Impact of Hellenistic Empires

Programme

The Research Group is primarily concerned with the impact of empire on the political organization, social structures, and ideology of local polities of the Ancient Near East in Hellenistic times, on the one hand, and their literary imagination, on the other. The structural changes and historical events affecting Judaea will be both addressed directly and set in their wider, regional and interregional context(s), primarily (but not exclusively) defined as the Seleukid empire at large and Ptolemaic Egypt. Likewise, the question of the relation between, on the one hand, the Hellenistic, imperial setting and its bearings on Judaea and neighbouring polities and, on the other hand, the literary production of the time, will be of central concern. To this end, the Research group intends to bring together historians, social scientists, epigraphists, archaeologists, and text scholars. Although the Research Group will focus on Hellenistic times, its chronological range will also cover Persian and Roman imperial times, and cooperation with Research Groups focusing on these periods as well as on narrowly-defined topics (such as “resistance”) overlapping with the concerns of the Research Group will be considered. 

Keywords:

Hellenistic World, Hellenistic Empires, Social Location of Texts, Empire and Literary Imagination

Chairs

Benedikt Eckhardt
University of Edinburgh

Sylvie Honigman
Tel Aviv University 


Member Area

Wuppertal 2021 Call for Papers

This unit is not accepting any new proposals for the 2021 conference

2021: Empire and Institutional Change 
In 2021, ‘Impacts of Hellenistic Empires’ will have three sessions.

Session I: The End of Hellenistic Kingship (participation by invitation)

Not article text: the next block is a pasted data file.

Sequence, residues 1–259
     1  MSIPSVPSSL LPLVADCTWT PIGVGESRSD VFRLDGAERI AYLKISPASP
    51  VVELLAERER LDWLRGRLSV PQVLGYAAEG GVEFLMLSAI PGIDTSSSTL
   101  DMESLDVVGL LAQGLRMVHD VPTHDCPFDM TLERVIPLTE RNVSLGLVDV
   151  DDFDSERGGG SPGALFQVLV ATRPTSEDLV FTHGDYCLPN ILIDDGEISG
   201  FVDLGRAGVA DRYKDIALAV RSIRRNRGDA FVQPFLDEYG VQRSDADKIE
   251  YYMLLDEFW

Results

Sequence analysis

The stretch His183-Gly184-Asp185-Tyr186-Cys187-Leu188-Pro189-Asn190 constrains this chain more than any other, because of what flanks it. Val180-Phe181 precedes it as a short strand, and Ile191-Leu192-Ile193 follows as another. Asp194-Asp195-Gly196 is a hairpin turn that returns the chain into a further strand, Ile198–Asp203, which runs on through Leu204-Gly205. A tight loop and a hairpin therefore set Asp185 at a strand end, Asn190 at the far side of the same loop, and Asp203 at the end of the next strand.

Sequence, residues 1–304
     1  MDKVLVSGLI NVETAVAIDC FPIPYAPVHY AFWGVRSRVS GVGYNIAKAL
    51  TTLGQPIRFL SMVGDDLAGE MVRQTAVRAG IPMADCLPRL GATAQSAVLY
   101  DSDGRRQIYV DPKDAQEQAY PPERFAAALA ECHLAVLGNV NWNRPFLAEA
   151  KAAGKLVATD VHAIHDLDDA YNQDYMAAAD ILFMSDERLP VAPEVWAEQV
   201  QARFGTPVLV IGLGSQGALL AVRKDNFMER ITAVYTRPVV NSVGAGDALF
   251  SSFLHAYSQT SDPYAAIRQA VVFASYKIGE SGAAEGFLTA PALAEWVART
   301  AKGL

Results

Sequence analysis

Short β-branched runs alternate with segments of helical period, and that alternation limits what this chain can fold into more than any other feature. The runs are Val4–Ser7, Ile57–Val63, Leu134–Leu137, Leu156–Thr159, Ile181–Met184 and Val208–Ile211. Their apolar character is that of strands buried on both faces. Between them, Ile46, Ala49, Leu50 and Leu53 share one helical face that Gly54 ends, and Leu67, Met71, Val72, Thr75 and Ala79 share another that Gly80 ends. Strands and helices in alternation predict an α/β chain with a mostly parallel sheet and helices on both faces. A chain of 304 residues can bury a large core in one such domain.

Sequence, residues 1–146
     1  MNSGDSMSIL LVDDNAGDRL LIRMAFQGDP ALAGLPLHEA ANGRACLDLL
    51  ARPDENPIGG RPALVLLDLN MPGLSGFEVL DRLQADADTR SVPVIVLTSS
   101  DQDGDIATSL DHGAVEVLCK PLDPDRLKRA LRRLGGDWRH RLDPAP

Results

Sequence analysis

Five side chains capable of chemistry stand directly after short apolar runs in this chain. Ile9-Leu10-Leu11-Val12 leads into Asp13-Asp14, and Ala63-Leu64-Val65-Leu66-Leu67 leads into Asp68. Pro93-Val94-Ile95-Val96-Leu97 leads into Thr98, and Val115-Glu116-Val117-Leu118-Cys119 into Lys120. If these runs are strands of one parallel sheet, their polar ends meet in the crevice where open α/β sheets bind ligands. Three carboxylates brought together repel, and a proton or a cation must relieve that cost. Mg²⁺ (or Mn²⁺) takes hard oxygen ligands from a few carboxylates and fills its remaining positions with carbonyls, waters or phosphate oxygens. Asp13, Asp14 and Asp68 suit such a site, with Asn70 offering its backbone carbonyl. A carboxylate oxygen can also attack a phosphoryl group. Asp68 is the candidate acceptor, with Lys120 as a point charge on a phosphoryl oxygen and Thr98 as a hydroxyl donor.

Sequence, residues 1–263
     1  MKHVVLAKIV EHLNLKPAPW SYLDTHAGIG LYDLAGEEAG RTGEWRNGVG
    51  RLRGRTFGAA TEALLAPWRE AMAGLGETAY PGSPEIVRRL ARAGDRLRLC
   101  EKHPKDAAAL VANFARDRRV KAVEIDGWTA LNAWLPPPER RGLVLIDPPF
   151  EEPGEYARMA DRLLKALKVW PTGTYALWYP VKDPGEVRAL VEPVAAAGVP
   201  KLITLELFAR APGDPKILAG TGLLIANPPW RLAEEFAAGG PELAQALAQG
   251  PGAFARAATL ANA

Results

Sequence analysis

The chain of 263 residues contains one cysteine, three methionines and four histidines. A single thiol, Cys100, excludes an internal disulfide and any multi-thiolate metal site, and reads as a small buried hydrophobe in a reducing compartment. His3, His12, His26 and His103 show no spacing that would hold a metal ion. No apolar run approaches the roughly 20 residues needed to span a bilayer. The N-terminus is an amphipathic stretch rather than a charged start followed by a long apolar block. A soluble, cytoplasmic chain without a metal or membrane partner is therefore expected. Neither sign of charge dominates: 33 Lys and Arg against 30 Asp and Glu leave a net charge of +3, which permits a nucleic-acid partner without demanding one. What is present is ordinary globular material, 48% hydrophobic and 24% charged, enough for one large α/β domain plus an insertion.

“Hellenistic Kingship” is a modern concept. It has been developed to explain the nature of kingship after Alexander the Great, which was perceived to be rather different from both earlier (e.g. Persian, ancient Macedonian) and later (e.g. Roman) forms of monarchy. Starting in the 19th century and taking several turns on the way (most importantly the turn from legalistic to sociological explanations), a vast body of literature has sought to define the specific characteristics of monarchy in the empires that emerged after 323 BCE. These characteristics can then inform comparisons, e.g. between Hasmonean and Hellenistic kingship. However, while analytic categories are of course indispensable when writing history, it may be disconcerting that there seem to be hardly any ancient sources that draw strong distinctions between such different kinds of monarchy. In addition, recent research has tended to emphasize the specific character of the Antigonid, Seleucid and Ptolemaic kingship respectively, thus potentially undermining the value of an umbrella term like “Hellenistic Kingship”. Our session seeks to conceptualize this problem by focusing not on beginnings (the way scholarship has taken so far), but on endings. What happens in Judea and elsewhere when the “Hellenistic kings” are gone, and how are they replaced? How do ancient authors (e.g. Polybius) write about “Hellenistic kingship” after its demise? And ultimately: do such findings warrant the continuous use of “Hellenistic kingship” as a scholarly category?